Chapter Council Election Results
The 2019 election for the the ISOC-DC Chapter Council has concluded and we are pleased to announce the newest Council members.
In 2019, the debate around data privacy has peaked with numerous events elevating the issue, including the Cambridge Analytica scandal, the European Union’s General Data Protection Regulation coming into effect, and passage of the California Consumer Privacy Act of 2018. As pressure builds, calls for federal legislation on data privacy have emerged from all sides. With the issue driving forward rapidly, this event will convene key stakeholders discussing challenges and opportunities around data privacy, including the risks and harms associated with consumer data collection, the possibility of a data privacy framework in the US, and the intersection of data privacy and Internet governance.
Join the Internet Society and the Greater Washington DC Chapter of the Internet Society and Diplo US for a roundtable on civil society engagement at the ITU Plenipotentiary. The ITU’s quadrennial Plenipotentiary sets organizational priorities that determine the trajectory of policy and standard developments that shape the future of the Internet. At the 2018 Plenipot, civil society played an important role in deliberations on connectivity and access, privacy, protection of human rights, limiting surveillance, and other issues. The contributions of civil society took over a year to organize, coordinate and strategize.
Calls for increased regulation of the Internet are growing in force and frequency. As a result, the future of Internet governance is at play. Over the past year, we have seen increased tension between governmental regulations and the historical model for governing the Internet. During the past few months, this tension was on full display at the 2018 ITU Plenipotentiary, the Internet Governance Forum, ICANN 63 and numerous other events. This event provided a debrief of the major developments in Internet governance events that have happened in Autumn 2018 and discussed the potential ways they could shape the future of the Internet.
From the physical infrastructure to the services that run on top of it, the Internet has become a major focal point of debate around the world. Globally, Internet governance is split into three camps. On one side, there are proponents of an internet driven by ideals of freedom and openness, whose domestic governance usually manifests in an equitable multistakeholder approach. On the other side, authoritarians see the Internet as a threat to regime security and opt for a sovereign and controlled model, where the state is the primary force in governance over the Internet’s infrastructure and services. In the middle, there are the undecideds—some unsure of which direction to go, and others seeking a third way.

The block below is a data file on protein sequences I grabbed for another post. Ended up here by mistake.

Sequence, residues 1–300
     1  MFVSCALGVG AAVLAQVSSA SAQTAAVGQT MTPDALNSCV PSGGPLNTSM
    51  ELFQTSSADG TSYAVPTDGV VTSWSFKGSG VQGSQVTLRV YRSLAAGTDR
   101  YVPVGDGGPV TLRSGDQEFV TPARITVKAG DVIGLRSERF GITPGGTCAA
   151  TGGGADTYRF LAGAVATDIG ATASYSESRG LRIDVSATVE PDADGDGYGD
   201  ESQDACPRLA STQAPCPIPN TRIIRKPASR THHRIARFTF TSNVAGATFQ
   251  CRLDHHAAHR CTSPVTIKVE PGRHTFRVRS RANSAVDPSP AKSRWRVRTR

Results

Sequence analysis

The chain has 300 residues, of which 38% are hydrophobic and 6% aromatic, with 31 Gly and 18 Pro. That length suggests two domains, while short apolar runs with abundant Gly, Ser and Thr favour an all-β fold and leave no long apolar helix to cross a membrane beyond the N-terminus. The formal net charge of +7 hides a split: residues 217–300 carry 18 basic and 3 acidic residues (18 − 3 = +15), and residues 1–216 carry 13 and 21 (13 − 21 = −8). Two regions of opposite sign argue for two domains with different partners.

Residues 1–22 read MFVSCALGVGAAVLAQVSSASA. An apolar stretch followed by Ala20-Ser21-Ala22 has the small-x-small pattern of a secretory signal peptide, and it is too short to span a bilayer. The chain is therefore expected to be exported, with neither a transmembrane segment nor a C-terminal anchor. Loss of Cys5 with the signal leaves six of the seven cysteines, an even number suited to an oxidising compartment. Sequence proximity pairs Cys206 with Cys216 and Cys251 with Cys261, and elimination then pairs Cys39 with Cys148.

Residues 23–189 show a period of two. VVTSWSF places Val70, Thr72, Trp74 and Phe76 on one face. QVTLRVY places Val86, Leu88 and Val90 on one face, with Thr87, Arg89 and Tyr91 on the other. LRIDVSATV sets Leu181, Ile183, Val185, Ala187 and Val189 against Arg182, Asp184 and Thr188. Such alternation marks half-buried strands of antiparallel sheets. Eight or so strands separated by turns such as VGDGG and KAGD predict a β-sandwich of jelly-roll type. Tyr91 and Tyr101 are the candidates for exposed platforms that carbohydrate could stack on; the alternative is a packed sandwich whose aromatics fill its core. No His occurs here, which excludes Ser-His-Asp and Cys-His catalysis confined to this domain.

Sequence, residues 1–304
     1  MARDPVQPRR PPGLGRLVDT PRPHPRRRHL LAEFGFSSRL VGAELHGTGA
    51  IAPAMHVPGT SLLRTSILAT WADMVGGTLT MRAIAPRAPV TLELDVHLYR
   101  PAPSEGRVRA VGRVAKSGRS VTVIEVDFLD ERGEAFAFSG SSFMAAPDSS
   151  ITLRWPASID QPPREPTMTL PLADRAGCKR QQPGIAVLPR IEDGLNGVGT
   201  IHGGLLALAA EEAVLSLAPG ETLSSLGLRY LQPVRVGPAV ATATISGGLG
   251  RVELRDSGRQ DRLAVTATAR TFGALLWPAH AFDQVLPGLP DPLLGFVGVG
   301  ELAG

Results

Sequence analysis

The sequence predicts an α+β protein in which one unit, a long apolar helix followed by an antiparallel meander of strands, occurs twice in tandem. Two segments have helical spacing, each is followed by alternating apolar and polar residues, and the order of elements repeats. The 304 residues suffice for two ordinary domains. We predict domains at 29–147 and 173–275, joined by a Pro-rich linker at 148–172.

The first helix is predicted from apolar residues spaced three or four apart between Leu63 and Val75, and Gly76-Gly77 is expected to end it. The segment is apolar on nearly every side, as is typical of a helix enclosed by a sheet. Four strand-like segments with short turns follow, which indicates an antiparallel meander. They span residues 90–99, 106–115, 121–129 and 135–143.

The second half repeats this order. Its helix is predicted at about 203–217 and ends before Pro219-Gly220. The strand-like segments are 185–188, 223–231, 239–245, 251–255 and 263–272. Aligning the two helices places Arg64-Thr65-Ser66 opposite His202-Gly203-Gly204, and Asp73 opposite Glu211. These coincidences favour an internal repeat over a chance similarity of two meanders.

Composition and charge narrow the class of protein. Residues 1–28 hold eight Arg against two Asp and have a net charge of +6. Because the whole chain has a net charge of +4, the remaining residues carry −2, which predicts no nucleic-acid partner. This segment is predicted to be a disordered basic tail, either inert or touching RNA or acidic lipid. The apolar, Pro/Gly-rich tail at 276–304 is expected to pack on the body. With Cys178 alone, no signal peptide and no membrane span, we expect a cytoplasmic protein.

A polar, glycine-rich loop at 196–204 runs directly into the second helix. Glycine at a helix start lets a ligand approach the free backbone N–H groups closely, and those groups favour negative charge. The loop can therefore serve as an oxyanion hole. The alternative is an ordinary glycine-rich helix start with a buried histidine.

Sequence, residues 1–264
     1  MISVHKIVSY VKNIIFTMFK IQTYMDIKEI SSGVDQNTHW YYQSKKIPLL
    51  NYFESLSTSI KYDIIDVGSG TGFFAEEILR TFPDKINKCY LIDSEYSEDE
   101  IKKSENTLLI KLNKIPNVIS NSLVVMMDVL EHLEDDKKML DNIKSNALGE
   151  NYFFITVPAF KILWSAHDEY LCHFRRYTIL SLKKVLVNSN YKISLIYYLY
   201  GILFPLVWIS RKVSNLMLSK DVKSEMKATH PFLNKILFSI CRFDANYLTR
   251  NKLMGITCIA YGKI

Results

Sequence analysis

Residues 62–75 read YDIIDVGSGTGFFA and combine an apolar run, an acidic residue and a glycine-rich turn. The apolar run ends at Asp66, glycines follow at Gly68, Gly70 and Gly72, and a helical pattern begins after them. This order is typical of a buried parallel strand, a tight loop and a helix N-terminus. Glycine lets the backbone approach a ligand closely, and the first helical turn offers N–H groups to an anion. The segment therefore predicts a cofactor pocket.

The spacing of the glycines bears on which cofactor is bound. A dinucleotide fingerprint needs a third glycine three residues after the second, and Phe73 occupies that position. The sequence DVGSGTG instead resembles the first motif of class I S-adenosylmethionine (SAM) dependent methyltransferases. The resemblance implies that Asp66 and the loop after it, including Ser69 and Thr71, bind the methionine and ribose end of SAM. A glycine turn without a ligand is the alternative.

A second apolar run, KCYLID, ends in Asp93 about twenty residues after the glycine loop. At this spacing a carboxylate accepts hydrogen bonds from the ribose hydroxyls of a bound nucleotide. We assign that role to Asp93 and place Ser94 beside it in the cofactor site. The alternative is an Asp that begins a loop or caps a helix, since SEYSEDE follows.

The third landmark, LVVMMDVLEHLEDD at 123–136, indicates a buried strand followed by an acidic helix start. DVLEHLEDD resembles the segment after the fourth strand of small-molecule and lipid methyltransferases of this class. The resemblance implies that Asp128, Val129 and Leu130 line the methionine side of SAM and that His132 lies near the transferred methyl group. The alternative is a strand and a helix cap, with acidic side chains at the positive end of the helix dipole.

The Internet’s architecture and governance structures have been designed to enable innovation, global communication and the free flow of information, but the Internet of Things presents a new range of governance challenges. An Internet embedded in the material world creates new and increased concerns around privacy, security, and the possibility of physical harm to people and disruption of material infrastructure. To what extent do the Internet’s underlying architectural and governance principles need to evolve to address these risks? What is the outlook for security and privacy in the context of ubiquitous cyber-physical systems that range from cars to medical devices to home control systems? What forms of inequality and discrimination are emerging in this environment?
The recent high-profile debates on encryption and surveillance policy mean that less attention has been paid to ongoing efforts to deploy new technologies and protocols to enhance the network layer, the Domain Name System, the World Wide Web, and other parts of the Internet. On some fronts, such as adoption of transport layer encryption for web and email, progress has been significant. In other cases, such as the deployment of the DNSSEC and BGPSEC standards, progress has been more limited. How can the security and stability of the Internet be improved, at the level of technical standards and practices? What are the different roles of network providers, cloud services companies, browser companies, Internet security firms, and others trying to promote new technologies and standards?
ISOC-DC held its annual debrief on the UN’s Internet Governance Forum (IGF). In addition to discussing IGF2017, which was held from December 18 to December 21 in Geneva, participants will discuss their observations from the Global Conference on Cyber Space (GCCS) held in November in New Delhi, India, as well as the 4th annual World Internet Conference held in Wuzhen, China, in December. These three conferences examined the forces and decisions that are shaping the Internet but from three very different perspectives. This was an audience participation event with opportunities to share observations, questions, and opinions.